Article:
4.13 Internal variability in simulated 21st century Arctic sea ice evolutions: Climate forcing and response

Tuesday, 3 May 2011: 5:00 PM
Rooftop Ballroom (15th Floor) (Omni Parker House )
Justin J. Wettstein, Oregon State University, Corvallis, OR; and C. Deser

Continued declines in Arctic sea ice volume and summer sea ice extent are generally anticipated for the coming decades, based upon their trajectory in available observations and within a wide variety of future model simulations. Simulated differences in the evolution of sea ice extent and volume can be attributed to different specified boundary conditions, different model physics and / or variability that is internal to the simulation. This study examines the transient climate response and forcing of a model's internal ice variability using a fully-coupled 39-member ensemble of the Community Climate System Model version 3 forced by the A1B SRES GHG scenario during 2000-2061. The individual members of the ensemble were initialized with slightly different atmospheric conditions.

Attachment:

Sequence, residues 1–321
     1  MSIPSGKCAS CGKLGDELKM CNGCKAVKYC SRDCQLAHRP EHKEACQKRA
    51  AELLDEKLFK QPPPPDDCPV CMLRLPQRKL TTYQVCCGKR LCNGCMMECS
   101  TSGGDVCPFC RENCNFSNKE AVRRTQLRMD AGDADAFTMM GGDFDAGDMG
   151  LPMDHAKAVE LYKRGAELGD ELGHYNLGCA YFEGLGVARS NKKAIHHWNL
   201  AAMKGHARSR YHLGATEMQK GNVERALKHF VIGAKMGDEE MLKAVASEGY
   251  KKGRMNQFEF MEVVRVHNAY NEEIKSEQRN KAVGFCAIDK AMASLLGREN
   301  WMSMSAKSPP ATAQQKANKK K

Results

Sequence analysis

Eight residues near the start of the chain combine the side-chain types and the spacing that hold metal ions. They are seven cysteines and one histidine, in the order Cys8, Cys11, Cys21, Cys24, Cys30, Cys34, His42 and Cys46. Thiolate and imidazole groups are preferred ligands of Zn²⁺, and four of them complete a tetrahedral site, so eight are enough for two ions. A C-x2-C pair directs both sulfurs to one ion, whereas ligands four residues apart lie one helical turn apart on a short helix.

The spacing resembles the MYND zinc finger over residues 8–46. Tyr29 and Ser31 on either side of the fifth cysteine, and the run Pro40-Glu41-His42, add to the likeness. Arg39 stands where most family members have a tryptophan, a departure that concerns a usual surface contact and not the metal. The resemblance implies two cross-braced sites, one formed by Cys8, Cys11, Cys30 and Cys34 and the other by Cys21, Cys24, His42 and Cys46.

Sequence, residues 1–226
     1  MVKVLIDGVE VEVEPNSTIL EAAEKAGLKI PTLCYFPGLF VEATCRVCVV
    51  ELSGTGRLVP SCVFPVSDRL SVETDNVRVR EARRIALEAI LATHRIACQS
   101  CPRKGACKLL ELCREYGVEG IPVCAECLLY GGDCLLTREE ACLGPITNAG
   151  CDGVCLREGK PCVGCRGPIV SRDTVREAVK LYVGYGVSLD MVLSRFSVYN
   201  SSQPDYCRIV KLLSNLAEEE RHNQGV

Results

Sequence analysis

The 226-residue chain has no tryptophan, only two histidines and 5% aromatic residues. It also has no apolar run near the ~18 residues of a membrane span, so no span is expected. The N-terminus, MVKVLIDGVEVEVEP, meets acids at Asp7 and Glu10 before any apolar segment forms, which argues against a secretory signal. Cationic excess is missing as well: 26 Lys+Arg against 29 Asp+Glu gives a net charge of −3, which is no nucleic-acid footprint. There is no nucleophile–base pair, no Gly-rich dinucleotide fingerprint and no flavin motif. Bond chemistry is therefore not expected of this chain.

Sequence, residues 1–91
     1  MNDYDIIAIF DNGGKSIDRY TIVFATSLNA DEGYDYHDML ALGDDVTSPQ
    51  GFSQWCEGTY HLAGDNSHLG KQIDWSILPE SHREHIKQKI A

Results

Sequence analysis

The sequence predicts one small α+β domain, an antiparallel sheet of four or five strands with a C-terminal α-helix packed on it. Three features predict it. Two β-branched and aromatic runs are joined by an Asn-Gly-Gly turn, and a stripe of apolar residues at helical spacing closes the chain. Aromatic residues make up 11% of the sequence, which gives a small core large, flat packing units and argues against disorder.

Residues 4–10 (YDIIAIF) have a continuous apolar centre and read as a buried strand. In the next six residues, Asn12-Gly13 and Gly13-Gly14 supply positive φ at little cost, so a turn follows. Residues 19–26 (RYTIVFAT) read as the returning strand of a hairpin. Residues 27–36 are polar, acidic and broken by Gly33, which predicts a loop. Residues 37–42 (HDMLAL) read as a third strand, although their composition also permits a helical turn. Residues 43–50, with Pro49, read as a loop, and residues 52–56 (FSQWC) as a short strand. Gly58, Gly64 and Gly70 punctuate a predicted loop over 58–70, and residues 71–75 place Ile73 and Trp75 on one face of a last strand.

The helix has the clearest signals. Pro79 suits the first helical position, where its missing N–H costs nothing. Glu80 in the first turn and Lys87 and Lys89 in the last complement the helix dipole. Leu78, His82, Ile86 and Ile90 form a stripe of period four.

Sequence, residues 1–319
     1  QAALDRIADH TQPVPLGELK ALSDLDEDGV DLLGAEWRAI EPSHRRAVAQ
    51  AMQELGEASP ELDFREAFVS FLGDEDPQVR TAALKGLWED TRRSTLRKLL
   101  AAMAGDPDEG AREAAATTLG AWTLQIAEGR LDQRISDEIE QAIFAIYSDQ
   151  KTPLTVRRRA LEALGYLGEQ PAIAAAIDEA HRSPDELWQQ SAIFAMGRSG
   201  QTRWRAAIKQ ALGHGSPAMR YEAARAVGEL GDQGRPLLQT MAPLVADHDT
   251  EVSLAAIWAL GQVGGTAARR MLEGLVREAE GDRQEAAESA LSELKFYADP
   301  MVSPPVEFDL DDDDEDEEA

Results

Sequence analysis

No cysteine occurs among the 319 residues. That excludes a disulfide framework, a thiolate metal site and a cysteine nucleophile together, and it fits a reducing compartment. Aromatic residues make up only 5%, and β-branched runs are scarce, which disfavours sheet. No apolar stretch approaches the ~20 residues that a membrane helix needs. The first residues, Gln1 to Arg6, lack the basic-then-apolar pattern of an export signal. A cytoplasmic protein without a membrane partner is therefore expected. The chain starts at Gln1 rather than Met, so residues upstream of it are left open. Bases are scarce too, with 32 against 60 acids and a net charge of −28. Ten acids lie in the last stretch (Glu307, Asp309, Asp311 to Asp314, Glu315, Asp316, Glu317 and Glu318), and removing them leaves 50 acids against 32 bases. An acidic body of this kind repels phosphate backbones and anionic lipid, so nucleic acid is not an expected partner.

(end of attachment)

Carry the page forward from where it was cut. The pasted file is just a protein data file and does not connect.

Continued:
The evolution of both Arctic sea ice extent and volume varies considerably between the ensemble members, as evidenced by the fact that the ensemble spread and the ensemble mean have comparable magnitudes at the end of the simulation. The ensemble spread in ice loss is consistently related to ensemble spread in both dynamic (e.g., atmospheric circulation) and thermodynamic (e.g., surface radiative and turbulent flux) quantities. A Northern Annular Mode-like pattern of sea level pressure anomalies consistently precedes large year-to-year changes in September sea ice extent, but the strength of this relationship depends on the ensemble member. Taken together, these results suggest that internal atmospheric variability is an important and hitherto neglected source of uncertainty in Arctic sea ice projections for the 21st century.

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